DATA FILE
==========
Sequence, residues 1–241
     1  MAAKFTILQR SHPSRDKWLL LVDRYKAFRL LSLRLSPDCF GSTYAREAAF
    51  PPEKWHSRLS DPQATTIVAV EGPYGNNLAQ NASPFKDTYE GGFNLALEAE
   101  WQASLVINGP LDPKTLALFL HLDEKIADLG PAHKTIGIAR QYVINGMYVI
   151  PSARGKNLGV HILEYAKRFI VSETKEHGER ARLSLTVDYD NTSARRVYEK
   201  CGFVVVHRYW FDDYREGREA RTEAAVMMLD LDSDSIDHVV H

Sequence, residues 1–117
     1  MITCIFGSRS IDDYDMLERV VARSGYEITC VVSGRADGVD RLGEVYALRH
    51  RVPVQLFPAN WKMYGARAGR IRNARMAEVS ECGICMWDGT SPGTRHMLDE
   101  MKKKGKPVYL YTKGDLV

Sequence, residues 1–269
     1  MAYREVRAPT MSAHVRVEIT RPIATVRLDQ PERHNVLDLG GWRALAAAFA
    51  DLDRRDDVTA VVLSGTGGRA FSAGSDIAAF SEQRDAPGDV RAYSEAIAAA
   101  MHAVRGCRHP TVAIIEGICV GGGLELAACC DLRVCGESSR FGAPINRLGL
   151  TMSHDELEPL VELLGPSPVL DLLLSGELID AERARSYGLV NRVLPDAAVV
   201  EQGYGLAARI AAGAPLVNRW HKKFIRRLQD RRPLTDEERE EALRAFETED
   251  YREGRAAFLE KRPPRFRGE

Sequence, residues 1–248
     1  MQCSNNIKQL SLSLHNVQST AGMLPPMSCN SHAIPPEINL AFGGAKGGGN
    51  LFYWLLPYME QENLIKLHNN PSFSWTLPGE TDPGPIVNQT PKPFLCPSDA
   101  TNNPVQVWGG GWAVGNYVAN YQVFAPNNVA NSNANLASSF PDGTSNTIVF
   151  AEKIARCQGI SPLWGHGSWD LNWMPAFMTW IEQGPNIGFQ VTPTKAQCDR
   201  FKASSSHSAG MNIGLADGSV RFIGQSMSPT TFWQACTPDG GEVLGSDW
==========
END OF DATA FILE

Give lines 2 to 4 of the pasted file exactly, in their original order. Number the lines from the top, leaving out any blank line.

     1  MAAKFTILQR SHPSRDKWLL LVDRYKAFRL LSLRLSPDCF GSTYAREAAF
    51  PPEKWHSRLS DPQATTIVAV EGPYGNNLAQ NASPFKDTYE GGFNLALEAE
   101  WQASLVINGP LDPKTLALFL HLDEKIADLG PAHKTIGIAR QYVINGMYVI